Hill said the farm was acquired by his father and was an agricultural operation until the 1980s, “when things went south. We looked at our options, and we started doing the quail hunts in 1984. We added the sporting clays in 1990, and added the Country House in 2000.”

The Country House serves as a lodge and meeting space, usually for smaller groups that have come to hunt and shoot, and features a family friendly atmosphere.

Sporting clay packages are $35 per person for 100 targets and $22 per person for 50 targets.

Quail season runs from October through March, but sporting clays are available year round.

Sheperds Branch in the Cheaha National Forest is also home to a shooting range, according to Ranger Gloria Nielson. It features four benches and 25 yard, 50 yard and 100 yard lanes. There are restrooms on the facility as well.

The target area is made up of a series of posts with chicken wire between them. Shooters bring in their own paper targets to hang on the chicken wire.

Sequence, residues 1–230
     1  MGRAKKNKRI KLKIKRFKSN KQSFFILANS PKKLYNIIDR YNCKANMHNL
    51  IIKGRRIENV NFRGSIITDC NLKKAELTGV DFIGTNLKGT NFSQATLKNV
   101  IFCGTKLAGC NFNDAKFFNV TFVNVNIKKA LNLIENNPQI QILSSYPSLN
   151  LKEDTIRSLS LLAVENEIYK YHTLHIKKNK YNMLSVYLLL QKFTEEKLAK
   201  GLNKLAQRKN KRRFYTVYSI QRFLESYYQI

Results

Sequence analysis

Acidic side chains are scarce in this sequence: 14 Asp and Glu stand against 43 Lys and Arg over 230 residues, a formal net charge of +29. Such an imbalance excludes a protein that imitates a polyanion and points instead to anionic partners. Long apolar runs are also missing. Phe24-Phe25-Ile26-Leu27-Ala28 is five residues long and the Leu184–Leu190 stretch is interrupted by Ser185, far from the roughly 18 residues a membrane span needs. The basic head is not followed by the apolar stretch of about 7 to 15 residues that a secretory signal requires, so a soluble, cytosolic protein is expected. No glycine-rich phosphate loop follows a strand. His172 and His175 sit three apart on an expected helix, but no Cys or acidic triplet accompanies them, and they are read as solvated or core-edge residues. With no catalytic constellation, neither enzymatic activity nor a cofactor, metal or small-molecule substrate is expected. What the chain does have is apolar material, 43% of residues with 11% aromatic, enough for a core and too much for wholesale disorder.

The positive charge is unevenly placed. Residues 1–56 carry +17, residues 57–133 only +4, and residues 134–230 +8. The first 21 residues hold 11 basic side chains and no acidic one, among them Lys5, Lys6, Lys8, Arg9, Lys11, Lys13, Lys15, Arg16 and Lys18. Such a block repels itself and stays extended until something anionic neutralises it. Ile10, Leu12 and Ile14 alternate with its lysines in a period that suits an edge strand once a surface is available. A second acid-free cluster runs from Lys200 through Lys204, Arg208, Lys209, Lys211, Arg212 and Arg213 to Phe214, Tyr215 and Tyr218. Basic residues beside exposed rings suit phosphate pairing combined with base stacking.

The cost is $3 per vehicle, on the honor system. Clay pigeons, bottles and cans are not allowed, and alcohol is not allowed. Tracer bullets and armor piercing ammunition are also banned.

Shepherds Branch is open year round, but fall is a particularly popular time, Neilson said.

“The leaves are beautiful and people are getting ready for hunting season.”

The Red Eagle Skeet and Trap Club is located in Childersburg. As the name would imply, they feature skeet and trap shooting as well as five stands. They work closely with 4H and other programs highlighting gun safety and they pride themselves on a family atmosphere.

They are open all day Saturdays and Sundays. On Wednesdays and Fridays, they are open from noon until dark.

© 2012